WASHINGTON -- New jobless claims dropped last week to 340,000, near a post-Great Recession low, and the less volatile four-week average fell to its lowest level in five years, the Labor Department said Thursday.
The data were another sign of improvement in the labor market ahead of Friday's February unemployment report, despite tax increases that took effect on Jan. 1.
Analysts project that the economy added about 160,000 jobs last month and that the unemployment rate remains at 7.9 percent.
Economists had expected initial jobless claims to rise last week to about 355,000.
Instead, the number of people filing for unemployment benefits for the first time fell by 7,000 from the previous week's revised figure of 347,000, the Labor Department said.
Economists say that weekly jobless claims below 350,000 indicate moderate growth in the labor market.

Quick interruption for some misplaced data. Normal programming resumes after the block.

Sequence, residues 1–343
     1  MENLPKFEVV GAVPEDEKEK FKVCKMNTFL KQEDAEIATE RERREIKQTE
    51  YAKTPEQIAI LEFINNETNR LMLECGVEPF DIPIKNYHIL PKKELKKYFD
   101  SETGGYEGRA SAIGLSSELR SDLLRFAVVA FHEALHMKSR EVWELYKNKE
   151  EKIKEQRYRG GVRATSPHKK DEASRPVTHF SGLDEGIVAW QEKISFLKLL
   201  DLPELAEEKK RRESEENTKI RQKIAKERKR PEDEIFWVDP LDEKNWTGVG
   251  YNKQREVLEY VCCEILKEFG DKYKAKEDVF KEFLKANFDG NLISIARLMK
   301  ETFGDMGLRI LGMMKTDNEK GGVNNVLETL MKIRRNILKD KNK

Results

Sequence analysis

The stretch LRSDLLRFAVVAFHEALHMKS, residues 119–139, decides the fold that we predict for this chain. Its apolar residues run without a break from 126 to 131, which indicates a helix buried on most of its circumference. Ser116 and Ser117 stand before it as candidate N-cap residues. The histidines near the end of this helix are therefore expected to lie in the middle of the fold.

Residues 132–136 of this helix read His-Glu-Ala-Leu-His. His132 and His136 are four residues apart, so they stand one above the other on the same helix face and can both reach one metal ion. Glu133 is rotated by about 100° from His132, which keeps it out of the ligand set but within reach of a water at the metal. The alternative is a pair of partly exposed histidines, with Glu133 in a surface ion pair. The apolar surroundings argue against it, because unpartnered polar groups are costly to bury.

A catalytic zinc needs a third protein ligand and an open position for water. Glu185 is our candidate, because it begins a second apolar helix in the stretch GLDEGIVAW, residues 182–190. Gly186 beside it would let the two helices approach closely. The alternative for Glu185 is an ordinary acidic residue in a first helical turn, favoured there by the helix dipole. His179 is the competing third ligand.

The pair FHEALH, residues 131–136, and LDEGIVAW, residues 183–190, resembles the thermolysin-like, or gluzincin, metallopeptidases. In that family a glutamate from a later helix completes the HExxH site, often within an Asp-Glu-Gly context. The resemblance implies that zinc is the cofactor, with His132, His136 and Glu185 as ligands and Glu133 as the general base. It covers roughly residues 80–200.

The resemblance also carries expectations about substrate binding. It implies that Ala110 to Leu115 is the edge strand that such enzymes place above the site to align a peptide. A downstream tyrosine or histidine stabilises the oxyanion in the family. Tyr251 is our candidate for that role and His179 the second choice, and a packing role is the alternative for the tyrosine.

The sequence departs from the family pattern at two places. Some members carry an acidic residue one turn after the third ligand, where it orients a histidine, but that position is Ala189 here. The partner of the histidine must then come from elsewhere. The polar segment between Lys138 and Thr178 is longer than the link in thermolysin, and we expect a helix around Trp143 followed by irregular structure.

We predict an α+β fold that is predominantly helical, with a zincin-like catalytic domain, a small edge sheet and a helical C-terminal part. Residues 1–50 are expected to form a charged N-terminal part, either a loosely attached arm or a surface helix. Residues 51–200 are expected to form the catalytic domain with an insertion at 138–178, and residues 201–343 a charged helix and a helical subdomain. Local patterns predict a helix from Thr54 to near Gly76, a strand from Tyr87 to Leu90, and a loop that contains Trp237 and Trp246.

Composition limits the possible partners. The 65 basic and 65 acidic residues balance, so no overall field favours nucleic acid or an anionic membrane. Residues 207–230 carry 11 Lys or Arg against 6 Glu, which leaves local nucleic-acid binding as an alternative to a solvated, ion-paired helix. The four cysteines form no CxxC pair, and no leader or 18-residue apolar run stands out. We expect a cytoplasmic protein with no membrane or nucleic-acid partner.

The new figure is close to the five-year low of 330,000, reached in mid-January. And the overall trend has been downward in recent weeks after seasonally adjusted claims spiked to 371,000 at the end of January.
The four-week average, which smooths out the data, also fell by 7,000 last week, to 348,750. That was the lowest level since early March 2008, as the Great Recession was just starting to have an effect on the jobs market.
A year later, the economy was averaging about 660,000 new jobless claims a week.